are these objects?
galaxy, NGC 4319, in this Hubble
Heritage image is classified as
a "Barred Spiral" (SBb)
galaxy. The HST field shows just
the inner regions. A longer exposure
shows the outer spiral arms (faintly
visible in the lower left corner
of the release image). The image
below from the Digitized
shows the bar and spiral arms
clearly. Barred spiral galaxies
are relatively common. This one
shows interesting structure and
dust lanes in the inner region.
205 (Mrk 205) is object number
205 in a catalog compiled by
Markarian. These are galaxies
withstrong ultraviolet emission;
many of them active galaxies.
It's usually classified as a Seyfert
galaxy, one with a bright nucleus,
or as a low-luminosity quasar.
of Mrk 205 is a compact galaxy.
It is at the same distance from
us as Mrk 205, but doesn't show
an envelope of stars and gas.
Some distance away and outside
the HST image is the elliptical
galaxy NGC 4291. Its redshift
is close to that of NGC 4319.
The two galaxies may have undergone
a near collision recently. Perhaps
this could account for the structure
in NGC 4319.
WFPC2 image of
Mrk 205 (F814W - red)
is the faint filament between Mrk 205
and NGC 4319?
is hard to see in the Hubble image. Faint
features like this tend to stand out better
in a negative image and they can be enhanced
by artificially "stretching"
faint features with an image processing
program. Two such stretched and enhanced
images are shown.
stretches of the HST image show
a debatable "luminous bridge"
between NGC 4319 and Mrk205:
(left) animated gif 2.3MB, (center)
inverse image and (right) contour
Courtesy of NASA and Z. Levay
Still Images Courtesy of R.
Knacke (Penn State Erie)
WFPC2 image of
NGC 4319 and Mrk205 identifying
spiral arms and dust lanes.
figures do show some nebulosity lying
between NGC 4319 and Mrk 205, as Halton
Arp and other astronomers noticed many
years ago. However, the question is whether
this nebulosity implies that there is
a real, physical connection between the
two galaxies, or whether it is just a
little bit of irregularity in the structure
of NGC 4319 or Mrk 205, that happens to
lie between the images. Notice that there
are similar nebulous features on the edges
of both objects in other places as well,
not just between them. I don't think that
these images demonstrate that there is
a real connection between the objects,
but you can make up your own mind.
the issue about the redshifts?
4319 has a redshift (the fractional amount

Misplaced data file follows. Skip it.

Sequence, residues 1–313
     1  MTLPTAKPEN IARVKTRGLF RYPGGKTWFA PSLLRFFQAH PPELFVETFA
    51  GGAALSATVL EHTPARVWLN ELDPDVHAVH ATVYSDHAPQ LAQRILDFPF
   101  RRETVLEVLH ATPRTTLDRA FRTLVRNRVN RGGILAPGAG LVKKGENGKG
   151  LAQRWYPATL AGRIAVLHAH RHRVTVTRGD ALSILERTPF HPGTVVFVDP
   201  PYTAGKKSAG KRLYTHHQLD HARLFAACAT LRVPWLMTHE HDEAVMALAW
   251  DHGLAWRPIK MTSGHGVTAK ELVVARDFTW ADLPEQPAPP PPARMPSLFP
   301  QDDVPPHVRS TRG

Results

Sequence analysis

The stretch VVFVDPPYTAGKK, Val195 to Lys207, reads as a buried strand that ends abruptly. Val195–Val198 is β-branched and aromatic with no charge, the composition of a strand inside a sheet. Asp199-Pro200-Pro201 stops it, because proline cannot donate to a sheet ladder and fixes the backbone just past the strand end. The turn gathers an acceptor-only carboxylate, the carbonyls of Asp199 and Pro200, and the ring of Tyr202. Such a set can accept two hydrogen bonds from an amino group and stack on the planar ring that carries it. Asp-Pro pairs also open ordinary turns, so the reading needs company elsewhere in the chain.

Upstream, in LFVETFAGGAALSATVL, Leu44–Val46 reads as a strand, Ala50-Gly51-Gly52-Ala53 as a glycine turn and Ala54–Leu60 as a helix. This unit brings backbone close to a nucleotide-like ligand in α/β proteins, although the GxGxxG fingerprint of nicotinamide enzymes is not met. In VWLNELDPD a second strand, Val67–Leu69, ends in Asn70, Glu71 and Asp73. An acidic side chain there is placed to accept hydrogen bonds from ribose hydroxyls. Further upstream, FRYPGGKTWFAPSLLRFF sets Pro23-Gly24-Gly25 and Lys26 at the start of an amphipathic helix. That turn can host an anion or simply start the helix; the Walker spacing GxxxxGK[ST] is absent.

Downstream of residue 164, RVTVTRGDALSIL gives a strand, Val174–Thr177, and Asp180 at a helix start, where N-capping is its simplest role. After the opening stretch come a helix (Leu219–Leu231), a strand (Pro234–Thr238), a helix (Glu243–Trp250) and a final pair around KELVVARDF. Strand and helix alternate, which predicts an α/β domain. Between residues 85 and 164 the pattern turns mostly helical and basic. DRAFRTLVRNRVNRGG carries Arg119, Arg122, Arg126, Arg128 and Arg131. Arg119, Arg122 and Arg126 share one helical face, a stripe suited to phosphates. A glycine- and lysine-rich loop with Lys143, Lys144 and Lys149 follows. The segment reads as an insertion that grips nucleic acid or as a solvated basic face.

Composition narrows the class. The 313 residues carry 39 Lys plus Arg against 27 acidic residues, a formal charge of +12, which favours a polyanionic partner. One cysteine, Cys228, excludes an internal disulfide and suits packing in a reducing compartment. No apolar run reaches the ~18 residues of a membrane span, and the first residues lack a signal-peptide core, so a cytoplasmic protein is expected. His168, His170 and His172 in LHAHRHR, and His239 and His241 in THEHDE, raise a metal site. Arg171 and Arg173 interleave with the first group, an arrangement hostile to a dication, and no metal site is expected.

that observed wavelengths of spectral
lines in a galaxy are shifted relative
to the wavelengths at rest, (lobs
- l rest)
) of 0.00468, while Mrk 205 has a redshift
of 0.071. If redshifts imply distance,
as almost all astronomers believe, then
Mrk 205 is almost 15 times farther away
than NGC 4319.
205 is projected in the sky within the
spiral arms of NGC 4319. In 1971 Halton
Arp, who compiled an important catalog
of peculiar galaxies called the Arp
Catalog, wondered if this is not just
a chance superposition, but rather evidence
that the quasar-like galaxy really lies
within NGC 4319. He found support for
this view in the filamentary structure
between the two objects.
this were so, then redshifts would not
be distance indicators in all cases. Needless
to say it was a radical suggestion that,
if true, would have upset some of the
fundamental tenets of cosmology. It stirred
up a lot of controversy about the meaning
of redshifts and whether they were "cosmological,"
that is, due to the universal expansion,
in all cases. Arp found numerous other
examples of quasars near galaxies, although
few as dramatic as this one.
the view of most astronomers, the juxtapositions
are just due to chance. The filamentary
connection became less convincing as better
images became available. John Bahcall
and collaborators made a noteworthy contribution
when they showed that NGC 4319 absorbs
some of the light from Mrk 205, just as
expected if NGC 4319 is projected in front
of Mrk 205 (Astrophysical
Journal 1992). In time, many
quasars were found to lie in galaxies
with exactly the same redshift, providing
powerful evidence that quasars are an
event that occurs in the nucleus of galaxies.
the redshift controversy has almost faded
from view. Only a few astronomers still
think there is reasonable evidence for
noncosmological redshifts; a recent summary
making their case was published by Geoffrey
of the Astronomical Society of the Pacific
2001). The vast majority of
astronomers think that the evidence is
overwhelming that redshifts show distances
to objects in the expanding universe.